Featured Resource: In Finding Deep Joy, Robert Elwood uses Christian, Buddhist, Hindu, and Sufi wisdom to flush out the multidimensional nature of the spiritual practice of joy. It can be appreciated in physical movement, life energy, sense awareness, memory and mind, and spontaneousness.
Other books on joy's bounties:
• The Happiness Makeover: M.J. Ryan presents a salutary look at practices and mind-training exercises that can be used to achieve happiness.
• Happiness: Joan Duncan Oliver covers a broad range of material in her quest to understand the elusive bluebird of happiness.
• How to Live in the World and Still Be Happy: Hugh Prather presents spiritual practices for battling negative mindsets and tapping into inner peace as a path to joy.
• The Path to Tranquility: His Holiness the Dalai Lama reveals the spiritual practices that are behind his remarkable and genuine smile.
• Joy, Inspiration, and Hope: Verena Kast, a psychologist, offers insights into the emotions of elation joy, inspiration, and hope.
• Soul Judaism: Wayne Dosick sees Jewish renewal as a process of dancing with God.
• Jewish Tales of Mystic Joy: Yitzhak Buxbaum shares wonderful stories about the ecstatic devotion to God of the Hasidic teachers, expressed through singing, dancing, and even somersaults.
• Simple Living: Jose Hobday draws upon her Native American tradition in this book of practical spirituality that encourages moving through life lightly, delighting in the plain and the subtle.
• I Hear God Laughing: Daniel Ladinsky's versions of the Persian poetry of Sufi mystic Hafiz emphasize love, devotion, and joy.
• Clowning in Rome: Henri J. M. Nouwen emphasizes the four clown-like elements in the spiritual life.
• Zen Fables for Today: Richard McLean accentuates humor as one of the central aspects of Zen.
• Gesundheit!: Patch Adams hurrahs laughter as a major therapeutic tool.
• Finding a Joyful Life in the Heart of Pain: Darlene Cohen maps the path to a joyful life for those hobbled by chronic pain.
• The Courage to Laugh: Allan Klein, who calls himself a "jollytologist" shows how humor can be an uplifting and healing spiritual resource for those hobbled by illness, grief, or depression.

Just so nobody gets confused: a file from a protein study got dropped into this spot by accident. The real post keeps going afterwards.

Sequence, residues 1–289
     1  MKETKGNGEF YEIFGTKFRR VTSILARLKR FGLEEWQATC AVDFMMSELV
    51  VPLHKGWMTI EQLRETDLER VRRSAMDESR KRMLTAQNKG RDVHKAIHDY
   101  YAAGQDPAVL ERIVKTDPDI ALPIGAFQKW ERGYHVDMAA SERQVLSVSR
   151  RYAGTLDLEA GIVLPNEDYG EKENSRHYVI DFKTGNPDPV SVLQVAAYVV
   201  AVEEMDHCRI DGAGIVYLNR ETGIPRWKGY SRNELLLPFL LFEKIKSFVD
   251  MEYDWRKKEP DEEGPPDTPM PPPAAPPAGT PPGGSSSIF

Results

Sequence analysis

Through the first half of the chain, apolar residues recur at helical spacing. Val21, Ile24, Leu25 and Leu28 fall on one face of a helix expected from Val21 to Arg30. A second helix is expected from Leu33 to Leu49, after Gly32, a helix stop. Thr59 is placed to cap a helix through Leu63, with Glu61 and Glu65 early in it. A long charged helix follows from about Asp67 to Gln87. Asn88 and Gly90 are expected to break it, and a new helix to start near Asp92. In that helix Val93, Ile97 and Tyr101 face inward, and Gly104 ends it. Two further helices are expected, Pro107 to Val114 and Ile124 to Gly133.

• Joy, No Matter What: Carolyn Hobbs Examines pathways and obstacles to the state of joy.
• Availability: Robert Wicks ponders the joy of serving others.
• Poverty and Joy: William J. Short salutes Francis of Assisi's infectious joy.
• Learning to Fly: Sam Keen describes the joy he experiences on the trapeze.
• Sweat Your Prayers: Gabrielle Roth believes that sweating our prayers while dancing is an outward manifestation of inner joy.
• Search for all books about joy.
I'm in Charge of Celebrations by Byrd Baylor with pictures by Peter Parnall will inspire you to create your own holidays. "Last year I gave myself one hundred and eight celebrations besides the ones that they close school for," says the girl in this delightful children's book. She keeps a notebook where she records her celebrations: Dust Devil Day, Rainbow Celebration Day, Green Cloud Day, Coyote Day, and The Time of Falling Stars. Her very own New Year Celebration comes in the spring when her favorite cactus blooms and "makes me think I ought to bloom myself" she spends a day "admiring things."
This celebratory spirit is also characteristic of another book by the same creative duo, Baylor and Parnallī's The Way to Start A Day. The narrator recommends greeting the sun each morning with a blessing, chant, or song an act that joins you to people of all times and all cultures.
Here are more books to draw children into the practice of joy:
• Lara's First Christmas: Alice O. Howell tells a charming tale about the opening of a little girl's heart to joy.
• Augustus and His Smile: Catherine Rayner offers a delightful story about a tiger on a quest to find his lost smile and his joy.
• Hanukkah Haiku: Harriet Ziefert combines Haiku poetry with exquisite paintings by Karla Gudeon to make the celebration of Hanukkah a total joy.